Cross join is also called a Cartesian product.

Unlike an INNER JOIN or LEFT JOIN, the cross join does not establish the relationship between the joined tables. When each row of the first table is combined with each row from the second table, known as Cartesian join or cross join.

SQL CROSS JOIN Example

The CROSS JOIN joined every row from the first table (T1) with every row from the second table (T2).

In other words, the cross join returns the Cartesian product of rows from both the tables. The number of rows in a Cartesian product is the product of the number of rows in each involved tables.

#sql #sql cross join #inner join

Introduction to Recursive CTE

This article will introduce the concept of SQL recursive. Recursive CTE is a really cool. We will see that it can often simplify our code, and avoid a cascade of SQL queries!

Why use a recursive CTE ?

The recursive queries are used to query hierarchical data. It avoids a cascade of SQL queries, you can only do one query to retrieve the hierarchical data.

What is recursive CTE ?

First, what is a CTE? A CTE (Common Table Expression) is a temporary named result set that you can reference within a SELECT, INSERT, UPDATE, or DELETE statement. For example, you can use CTE when, in a query, you will use the same subquery more than once.

A recursive CTE is one having a subquery that refers to its own name!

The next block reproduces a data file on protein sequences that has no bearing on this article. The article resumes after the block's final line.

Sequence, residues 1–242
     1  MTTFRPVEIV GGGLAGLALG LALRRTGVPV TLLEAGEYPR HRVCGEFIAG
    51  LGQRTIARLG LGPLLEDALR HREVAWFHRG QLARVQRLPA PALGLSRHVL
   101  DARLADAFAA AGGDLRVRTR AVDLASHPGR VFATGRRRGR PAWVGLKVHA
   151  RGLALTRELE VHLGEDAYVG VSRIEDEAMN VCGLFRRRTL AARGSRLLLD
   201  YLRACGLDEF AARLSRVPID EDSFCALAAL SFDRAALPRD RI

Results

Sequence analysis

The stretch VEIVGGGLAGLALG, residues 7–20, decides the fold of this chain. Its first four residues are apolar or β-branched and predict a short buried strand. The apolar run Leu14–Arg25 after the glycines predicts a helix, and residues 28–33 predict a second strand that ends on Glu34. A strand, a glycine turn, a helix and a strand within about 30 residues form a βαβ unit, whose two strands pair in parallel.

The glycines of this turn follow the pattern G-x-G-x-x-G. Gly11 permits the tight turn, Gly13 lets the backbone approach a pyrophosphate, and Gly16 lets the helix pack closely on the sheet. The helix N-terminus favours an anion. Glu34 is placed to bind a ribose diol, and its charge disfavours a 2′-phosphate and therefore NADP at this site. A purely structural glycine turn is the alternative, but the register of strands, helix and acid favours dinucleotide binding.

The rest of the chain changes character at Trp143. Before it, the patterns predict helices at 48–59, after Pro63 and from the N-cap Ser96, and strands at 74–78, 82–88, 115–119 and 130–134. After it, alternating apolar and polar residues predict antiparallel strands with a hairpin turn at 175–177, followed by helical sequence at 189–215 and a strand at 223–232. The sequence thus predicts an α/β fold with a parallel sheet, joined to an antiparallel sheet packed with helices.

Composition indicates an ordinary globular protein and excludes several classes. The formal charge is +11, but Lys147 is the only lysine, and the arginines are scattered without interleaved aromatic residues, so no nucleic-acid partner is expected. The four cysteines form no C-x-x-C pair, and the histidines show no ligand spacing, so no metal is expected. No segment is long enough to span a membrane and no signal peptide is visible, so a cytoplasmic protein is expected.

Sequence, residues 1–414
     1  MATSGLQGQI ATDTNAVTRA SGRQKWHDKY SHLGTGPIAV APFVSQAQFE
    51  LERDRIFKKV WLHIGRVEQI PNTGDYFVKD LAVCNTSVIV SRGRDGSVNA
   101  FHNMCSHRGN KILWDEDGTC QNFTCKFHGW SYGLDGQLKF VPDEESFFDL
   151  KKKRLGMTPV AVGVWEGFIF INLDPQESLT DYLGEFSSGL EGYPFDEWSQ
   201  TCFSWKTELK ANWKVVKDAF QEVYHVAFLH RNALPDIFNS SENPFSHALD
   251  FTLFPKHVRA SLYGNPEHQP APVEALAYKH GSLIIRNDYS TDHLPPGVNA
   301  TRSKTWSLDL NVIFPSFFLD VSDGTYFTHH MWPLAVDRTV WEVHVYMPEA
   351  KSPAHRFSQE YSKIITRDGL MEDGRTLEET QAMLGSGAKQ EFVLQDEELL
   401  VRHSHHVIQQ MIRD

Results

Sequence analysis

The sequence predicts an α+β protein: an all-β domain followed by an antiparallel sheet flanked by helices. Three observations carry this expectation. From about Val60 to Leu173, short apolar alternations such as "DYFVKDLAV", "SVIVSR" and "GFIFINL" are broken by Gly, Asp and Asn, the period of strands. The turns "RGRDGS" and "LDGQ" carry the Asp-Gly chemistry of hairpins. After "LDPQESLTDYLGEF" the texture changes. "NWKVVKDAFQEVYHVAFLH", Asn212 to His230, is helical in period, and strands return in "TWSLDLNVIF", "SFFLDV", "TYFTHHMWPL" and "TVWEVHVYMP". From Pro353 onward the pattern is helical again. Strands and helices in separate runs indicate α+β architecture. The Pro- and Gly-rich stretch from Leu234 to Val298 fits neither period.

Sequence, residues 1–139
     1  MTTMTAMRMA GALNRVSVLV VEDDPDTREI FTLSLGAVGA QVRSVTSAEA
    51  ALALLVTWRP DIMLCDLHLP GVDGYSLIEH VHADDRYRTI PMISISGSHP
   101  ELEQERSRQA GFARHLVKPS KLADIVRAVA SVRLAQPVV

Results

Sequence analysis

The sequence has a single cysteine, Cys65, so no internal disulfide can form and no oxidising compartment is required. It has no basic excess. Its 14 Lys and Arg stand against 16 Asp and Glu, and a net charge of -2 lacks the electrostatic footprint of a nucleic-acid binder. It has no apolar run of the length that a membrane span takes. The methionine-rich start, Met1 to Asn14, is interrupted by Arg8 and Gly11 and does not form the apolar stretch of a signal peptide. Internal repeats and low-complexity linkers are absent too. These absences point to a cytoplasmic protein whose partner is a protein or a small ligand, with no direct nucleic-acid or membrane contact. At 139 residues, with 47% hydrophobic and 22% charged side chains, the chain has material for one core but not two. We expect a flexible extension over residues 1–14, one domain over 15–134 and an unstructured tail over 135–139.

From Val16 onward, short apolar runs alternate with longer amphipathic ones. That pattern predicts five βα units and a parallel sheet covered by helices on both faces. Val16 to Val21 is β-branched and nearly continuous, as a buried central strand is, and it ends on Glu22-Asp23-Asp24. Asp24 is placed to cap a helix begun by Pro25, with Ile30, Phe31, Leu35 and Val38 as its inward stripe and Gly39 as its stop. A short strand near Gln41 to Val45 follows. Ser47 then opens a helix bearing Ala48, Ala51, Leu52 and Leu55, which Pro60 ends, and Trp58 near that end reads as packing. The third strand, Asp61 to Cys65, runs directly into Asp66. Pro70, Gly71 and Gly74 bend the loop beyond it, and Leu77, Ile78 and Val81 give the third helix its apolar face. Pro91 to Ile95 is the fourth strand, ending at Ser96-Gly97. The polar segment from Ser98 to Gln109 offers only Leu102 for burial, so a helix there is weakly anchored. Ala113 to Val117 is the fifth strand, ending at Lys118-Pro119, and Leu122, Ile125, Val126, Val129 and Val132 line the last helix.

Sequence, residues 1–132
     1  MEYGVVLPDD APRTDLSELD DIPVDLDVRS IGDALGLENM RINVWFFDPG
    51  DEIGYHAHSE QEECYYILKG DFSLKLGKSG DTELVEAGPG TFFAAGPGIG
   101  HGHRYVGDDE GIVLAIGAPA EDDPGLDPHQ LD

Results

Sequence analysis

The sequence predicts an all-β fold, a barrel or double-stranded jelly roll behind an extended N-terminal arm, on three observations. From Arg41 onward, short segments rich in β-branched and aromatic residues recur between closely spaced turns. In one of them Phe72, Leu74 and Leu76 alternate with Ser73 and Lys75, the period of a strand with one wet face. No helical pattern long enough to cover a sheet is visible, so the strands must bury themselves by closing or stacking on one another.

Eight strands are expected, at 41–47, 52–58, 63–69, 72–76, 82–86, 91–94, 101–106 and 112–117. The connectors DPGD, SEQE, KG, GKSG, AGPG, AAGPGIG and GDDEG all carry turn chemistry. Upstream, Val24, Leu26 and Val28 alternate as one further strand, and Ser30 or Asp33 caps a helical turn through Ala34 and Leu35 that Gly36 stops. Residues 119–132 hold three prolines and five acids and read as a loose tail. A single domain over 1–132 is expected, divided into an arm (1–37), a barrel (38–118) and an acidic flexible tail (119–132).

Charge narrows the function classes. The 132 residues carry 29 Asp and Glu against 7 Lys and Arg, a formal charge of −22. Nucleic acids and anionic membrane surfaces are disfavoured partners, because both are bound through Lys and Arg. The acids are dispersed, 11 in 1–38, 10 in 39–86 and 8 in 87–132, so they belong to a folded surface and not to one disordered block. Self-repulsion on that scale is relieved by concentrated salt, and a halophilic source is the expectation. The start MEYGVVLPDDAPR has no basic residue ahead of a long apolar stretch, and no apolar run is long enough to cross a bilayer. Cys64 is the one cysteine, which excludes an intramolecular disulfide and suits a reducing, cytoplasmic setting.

Recursive CTE is defined in the SQL standard.

How to make a recursive CTE?

A recursive CTE has this structure:

  • The WITH clause must begin with “WITH RECURSIVE”
  • The recursive CTE subquery has two parts, separated by “UNION [ALL]” or “UNION DISTINCT”:
  • The first part produces the initial row(s) for the CTE. This SELECT does not refer to the CTE name.
  • The second part recurses by referring to the CTE name in its FROM clause.

Practice / Example

In this example, we use hierarchical data. Each row can have zero or one parent. And it parent can also have a parent etc.

Create table test (id integer, parent_id integer);

insert into test (id, parent_id) values (1, null);

insert into test (id, parent_id) values (11, 1);
insert into test (id, parent_id) values (111, 11);

insert into test (id, parent_id) values (112, 11);

insert into test (id, parent_id) values (12, 1);

insert into test (id, parent_id) values (121, 12);

For example, the row with id 111 has as ancestors: 11 and 1.